Designated Hitter: Leon Allen “Goose” Goslin – No, the DH rule didn’t exist during Goslin’s career, but on this team, he has to play somewhere. Besides, as his position’s all-time leader in errors, he’d likely relish the chance to stay off the field. Fortunately, his bat more than made up for the occasional defensive miscue, as Goose helped the Senators to a world title in 1924 and hit a league-leading .379 four years later. His career .316 batting average ranks in the top 75 all-time, and he made the Hall of Fame by way of the Veterans Committee in 1968.

Lineup: On a team that’s this loaded, the batting order doesn’t matter all that much. Still, I’d maximize production with the following lineup card:

DH Goslin
CF Speaker
2B Pedroia
LF Stearnes
SS Yount
1B Beckley
3B Ventura/Cey
RF Dawson
C Tebbetts

It seems strange to have the designated hitter leading off, but Goslin’s high batting averages and good eye made him one of the best on-base threats of his era, and he was far from a liability on the basepaths. I’m a firm believer in having the best hitter on the team bat second, and Tris Speaker certainly fits the bill. Pedroia would get on base plenty in front of the team’s big boppers, Stearnes and Yount, and Beckley acts as a secondary leadoff hitter for the bottom of the order. With the platoon advantage, Ventura and Cey provide balanced offense in the seven-hole, and Dawson is right there to drive them in. Tebbetts is far and away the weakest hitter on the team, but he’d still get on base enough to set things up for the top of the order.


The Bench

Outfielder: Joe “Ducky” Medwick – Medwick completes a rather loaded pasture for the all-Bird team, as all five outfielders are in the Hall of Fame. In his prime with the Cardinals, he was among the NL’s top hitters, leading the league in a pile of offensive categories in 1937 and remaining a force to be reckoned with for several more years. His career was derailed, however, by a beanball from former Cardinals teammate Bob Bowman just six days after Medwick was traded to Los Angeles. Though he was never quite the same player again, Ducky still managed to rap out 2,400 hits and earned his trip to Cooperstown in 1968.

Infielder: Jay Bell – While he’s a bit of a step down from the men he’s backing up, longtime Pirates shortstop Jay Bell was a fine player in his own right. Though he was primarily known for his fielding, topped by a Gold Glove award in 1993, Bell rises above the pack of utility infielders with bird-based names thanks to his offense. Throughout his career, he hit for respectable averages, took plenty of walks and found occasional power, as evidenced by his 38 home runs in the high-flying 2001 season. His league-average 101 OPS+ is quite impressive for someone who played nearly his entire career at short.

Catcher: Jay “Nig” Clarke – Apparently, it was pretty common for dark-skinned players in the pre-integration era to be nicknamed “Nig,” for reasons I won’t explain in detail here. A backstop who provided pretty decent offense for his era and shared his given name with a type of bird, Clarke had two big moments in his career: He hit eight home runs in a minor league game in 1902, and he caught Addie Joss’ perfect game in 1908. Still, he’s on the team by default – other than Tebbetts, Clarke is the only qualified catcher with a bird-based name. That makes a certain kind of sense.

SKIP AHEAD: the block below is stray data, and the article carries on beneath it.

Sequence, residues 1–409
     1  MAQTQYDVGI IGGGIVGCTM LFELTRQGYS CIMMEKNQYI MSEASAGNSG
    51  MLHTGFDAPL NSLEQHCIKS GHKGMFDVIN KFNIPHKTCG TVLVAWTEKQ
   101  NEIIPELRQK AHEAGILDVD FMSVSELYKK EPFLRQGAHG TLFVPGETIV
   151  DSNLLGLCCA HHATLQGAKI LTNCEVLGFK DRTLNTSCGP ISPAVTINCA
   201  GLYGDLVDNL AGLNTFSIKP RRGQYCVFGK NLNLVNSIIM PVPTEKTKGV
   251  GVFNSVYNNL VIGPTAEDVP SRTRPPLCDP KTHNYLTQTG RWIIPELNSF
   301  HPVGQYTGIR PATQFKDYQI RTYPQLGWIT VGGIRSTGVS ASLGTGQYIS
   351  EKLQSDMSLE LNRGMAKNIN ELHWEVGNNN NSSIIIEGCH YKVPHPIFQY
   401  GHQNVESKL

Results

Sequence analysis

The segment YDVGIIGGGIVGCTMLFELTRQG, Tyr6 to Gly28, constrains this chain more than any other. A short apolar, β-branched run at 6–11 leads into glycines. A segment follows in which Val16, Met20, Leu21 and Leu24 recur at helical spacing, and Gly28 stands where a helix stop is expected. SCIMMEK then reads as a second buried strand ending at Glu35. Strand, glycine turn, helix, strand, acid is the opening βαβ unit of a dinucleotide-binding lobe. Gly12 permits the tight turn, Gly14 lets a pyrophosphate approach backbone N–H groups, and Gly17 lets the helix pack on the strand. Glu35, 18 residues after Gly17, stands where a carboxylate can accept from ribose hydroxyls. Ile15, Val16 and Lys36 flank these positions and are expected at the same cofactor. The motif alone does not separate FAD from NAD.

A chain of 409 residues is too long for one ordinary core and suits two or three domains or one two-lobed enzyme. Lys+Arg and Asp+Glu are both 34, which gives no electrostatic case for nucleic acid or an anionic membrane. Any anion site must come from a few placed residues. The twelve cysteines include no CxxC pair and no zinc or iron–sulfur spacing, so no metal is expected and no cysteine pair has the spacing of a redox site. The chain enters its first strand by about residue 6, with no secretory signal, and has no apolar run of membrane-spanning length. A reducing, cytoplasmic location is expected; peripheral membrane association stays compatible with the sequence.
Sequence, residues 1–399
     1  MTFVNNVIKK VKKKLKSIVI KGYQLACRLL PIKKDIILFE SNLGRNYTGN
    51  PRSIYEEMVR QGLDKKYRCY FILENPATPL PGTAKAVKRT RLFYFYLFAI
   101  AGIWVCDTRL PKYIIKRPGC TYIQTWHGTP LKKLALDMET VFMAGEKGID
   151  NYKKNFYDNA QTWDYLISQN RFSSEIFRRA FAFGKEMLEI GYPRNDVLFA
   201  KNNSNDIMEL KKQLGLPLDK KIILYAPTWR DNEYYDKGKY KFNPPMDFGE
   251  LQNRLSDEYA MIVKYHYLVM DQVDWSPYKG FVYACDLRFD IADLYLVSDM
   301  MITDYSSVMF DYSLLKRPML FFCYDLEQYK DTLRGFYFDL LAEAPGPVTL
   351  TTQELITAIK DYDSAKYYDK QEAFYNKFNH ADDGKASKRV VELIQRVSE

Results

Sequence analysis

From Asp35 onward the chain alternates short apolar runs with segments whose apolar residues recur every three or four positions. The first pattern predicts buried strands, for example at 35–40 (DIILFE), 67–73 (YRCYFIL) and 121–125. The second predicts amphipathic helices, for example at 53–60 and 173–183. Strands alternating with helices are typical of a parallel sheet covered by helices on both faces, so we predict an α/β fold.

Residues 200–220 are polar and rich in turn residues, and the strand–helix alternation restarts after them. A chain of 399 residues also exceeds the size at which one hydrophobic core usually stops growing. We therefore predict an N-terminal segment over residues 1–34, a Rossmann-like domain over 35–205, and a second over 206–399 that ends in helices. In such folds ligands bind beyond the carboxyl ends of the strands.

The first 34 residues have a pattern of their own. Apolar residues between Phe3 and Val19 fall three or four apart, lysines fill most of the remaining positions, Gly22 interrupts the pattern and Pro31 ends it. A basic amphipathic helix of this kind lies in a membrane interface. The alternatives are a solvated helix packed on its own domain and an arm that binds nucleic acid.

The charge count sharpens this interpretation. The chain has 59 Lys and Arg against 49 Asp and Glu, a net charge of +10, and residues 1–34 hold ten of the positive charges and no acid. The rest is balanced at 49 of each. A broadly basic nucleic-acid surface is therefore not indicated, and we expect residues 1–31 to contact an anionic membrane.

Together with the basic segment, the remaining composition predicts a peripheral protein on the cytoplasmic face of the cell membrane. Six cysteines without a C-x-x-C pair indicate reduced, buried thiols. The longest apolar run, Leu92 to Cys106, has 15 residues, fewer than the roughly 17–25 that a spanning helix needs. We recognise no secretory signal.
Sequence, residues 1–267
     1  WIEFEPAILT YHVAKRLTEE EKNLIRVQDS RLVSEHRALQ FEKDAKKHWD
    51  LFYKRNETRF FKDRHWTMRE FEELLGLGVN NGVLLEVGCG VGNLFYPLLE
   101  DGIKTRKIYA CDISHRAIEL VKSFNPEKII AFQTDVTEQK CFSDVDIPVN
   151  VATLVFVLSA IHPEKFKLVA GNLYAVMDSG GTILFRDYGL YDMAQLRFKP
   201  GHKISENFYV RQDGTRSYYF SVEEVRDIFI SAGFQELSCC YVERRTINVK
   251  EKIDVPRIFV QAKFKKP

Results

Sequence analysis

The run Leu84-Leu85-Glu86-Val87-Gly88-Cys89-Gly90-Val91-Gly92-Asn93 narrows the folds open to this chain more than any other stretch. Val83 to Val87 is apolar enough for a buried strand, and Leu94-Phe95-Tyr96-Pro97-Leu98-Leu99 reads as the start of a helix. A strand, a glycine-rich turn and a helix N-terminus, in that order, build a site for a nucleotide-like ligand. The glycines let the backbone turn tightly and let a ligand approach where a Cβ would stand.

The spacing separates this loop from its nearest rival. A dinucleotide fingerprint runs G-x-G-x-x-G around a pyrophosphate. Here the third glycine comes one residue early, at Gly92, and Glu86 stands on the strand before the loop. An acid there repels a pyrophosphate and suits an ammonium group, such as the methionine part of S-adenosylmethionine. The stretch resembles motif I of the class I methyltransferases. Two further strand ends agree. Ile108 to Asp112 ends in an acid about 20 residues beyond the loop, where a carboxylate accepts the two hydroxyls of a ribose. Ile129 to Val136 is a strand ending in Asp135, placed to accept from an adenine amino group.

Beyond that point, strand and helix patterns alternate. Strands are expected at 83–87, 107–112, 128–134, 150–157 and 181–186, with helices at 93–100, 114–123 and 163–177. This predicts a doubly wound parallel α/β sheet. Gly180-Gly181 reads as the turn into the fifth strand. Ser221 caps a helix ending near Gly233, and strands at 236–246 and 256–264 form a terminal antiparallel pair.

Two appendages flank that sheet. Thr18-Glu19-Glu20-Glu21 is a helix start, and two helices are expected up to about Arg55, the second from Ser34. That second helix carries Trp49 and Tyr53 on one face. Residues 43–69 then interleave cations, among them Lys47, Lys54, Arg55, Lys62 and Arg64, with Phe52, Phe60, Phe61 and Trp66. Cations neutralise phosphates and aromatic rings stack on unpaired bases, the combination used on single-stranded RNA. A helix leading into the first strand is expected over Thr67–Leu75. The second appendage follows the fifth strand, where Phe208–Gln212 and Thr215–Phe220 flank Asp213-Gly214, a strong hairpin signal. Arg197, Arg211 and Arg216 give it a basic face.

Pitching Staff

The Ace: Robin Roberts – Until the ageless Jamie Moyer passed him by way of sheer longevity, Roberts’ most famous accomplishment may have been his record 505 home runs allowed. It takes an excellent player to set an all-time record, even in a negative category, and Robin Roberts is certainly no exception. The Phillies ace led the league in games started every year from 1950 to 1955 and pitched over 300 innings every year. Pitching for some terrible squads left him just short of the vaunted 300 win club, but he was still elected to the Hall of Fame in 1976.

Number Two: Jay Dean – Wait, who? Odds are you know this guy by his nickname: Dizzy. Though his career basically consisted of five and a half seasons, those seasons represented one of the greatest stretches of pitching in baseball history. With the Cardinals, Dean led the league in strikeouts four times, complete games three times and wins twice while racking up 36 WAR. Despite the brevity of his career, he was elected to the Hall of Fame in 1953, just six years after he threw his last pitch.

(I did consider adding Dizzy’s brother, Paul “Daffy” Dean, to this squad, but ultimately decided that if he qualifies for his nickname, so does every player named Donald, Huey, Dewey or Louie. Sorry, Paul.)

Number Three: Jered Weaver – Besides helping me find some underrated and not-so-underrated baseball players from the annals of history, making this list has taught me that there is, in fact, a type of bird called a weaver. Per Wikipedia: “The Ploceidae, or weavers, are small passerine birds related to the finches.” Hence, the younger Weaver brother, owner of the 2010 AL strikeout title and recipient of Cy Young votes in three consecutive seasons, more than qualifies for this team. Though he’s having a bit of a down season by his own high standards, the Angels hurler likely has a few more good years left to solidify his place as the third-best bird-named pitcher in history. I won’t be shocked if he passes Dean by way of longevity.